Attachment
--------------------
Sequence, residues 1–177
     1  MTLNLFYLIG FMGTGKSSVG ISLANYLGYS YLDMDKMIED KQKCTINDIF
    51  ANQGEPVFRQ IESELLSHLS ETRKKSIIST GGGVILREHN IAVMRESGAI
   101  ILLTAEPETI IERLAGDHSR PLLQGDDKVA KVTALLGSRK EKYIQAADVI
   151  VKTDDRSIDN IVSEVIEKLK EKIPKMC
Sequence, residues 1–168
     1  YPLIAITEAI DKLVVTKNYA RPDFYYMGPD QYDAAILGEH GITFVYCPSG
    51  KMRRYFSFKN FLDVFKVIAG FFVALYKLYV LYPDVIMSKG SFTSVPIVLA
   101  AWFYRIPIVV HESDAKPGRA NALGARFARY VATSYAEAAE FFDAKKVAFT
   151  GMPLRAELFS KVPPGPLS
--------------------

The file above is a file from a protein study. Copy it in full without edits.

Sequence, residues 1–177
     1  MTLNLFYLIG FMGTGKSSVG ISLANYLGYS YLDMDKMIED KQKCTINDIF
    51  ANQGEPVFRQ IESELLSHLS ETRKKSIIST GGGVILREHN IAVMRESGAI
   101  ILLTAEPETI IERLAGDHSR PLLQGDDKVA KVTALLGSRK EKYIQAADVI
   151  VKTDDRSIDN IVSEVIEKLK EKIPKMC
Sequence, residues 1–168
     1  YPLIAITEAI DKLVVTKNYA RPDFYYMGPD QYDAAILGEH GITFVYCPSG
    51  KMRRYFSFKN FLDVFKVIAG FFVALYKLYV LYPDVIMSKG SFTSVPIVLA
   101  AWFYRIPIVV HESDAKPGRA NALGARFARY VATSYAEAAE FFDAKKVAFT
   151  GMPLRAELFS KVPPGPLS